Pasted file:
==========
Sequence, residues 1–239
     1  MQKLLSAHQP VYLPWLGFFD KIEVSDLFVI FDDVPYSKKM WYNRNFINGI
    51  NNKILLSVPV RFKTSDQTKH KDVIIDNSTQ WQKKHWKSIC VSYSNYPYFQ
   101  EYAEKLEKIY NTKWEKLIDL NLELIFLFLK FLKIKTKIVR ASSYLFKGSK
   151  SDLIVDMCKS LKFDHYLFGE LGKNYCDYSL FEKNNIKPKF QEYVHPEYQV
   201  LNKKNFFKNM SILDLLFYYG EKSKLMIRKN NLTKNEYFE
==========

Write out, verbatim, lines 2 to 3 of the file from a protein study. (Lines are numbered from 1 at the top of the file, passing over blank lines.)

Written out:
     1  MQKLLSAHQP VYLPWLGFFD KIEVSDLFVI FDDVPYSKKM WYNRNFINGI
    51  NNKILLSVPV RFKTSDQTKH KDVIIDNSTQ WQKKHWKSIC VSYSNYPYFQ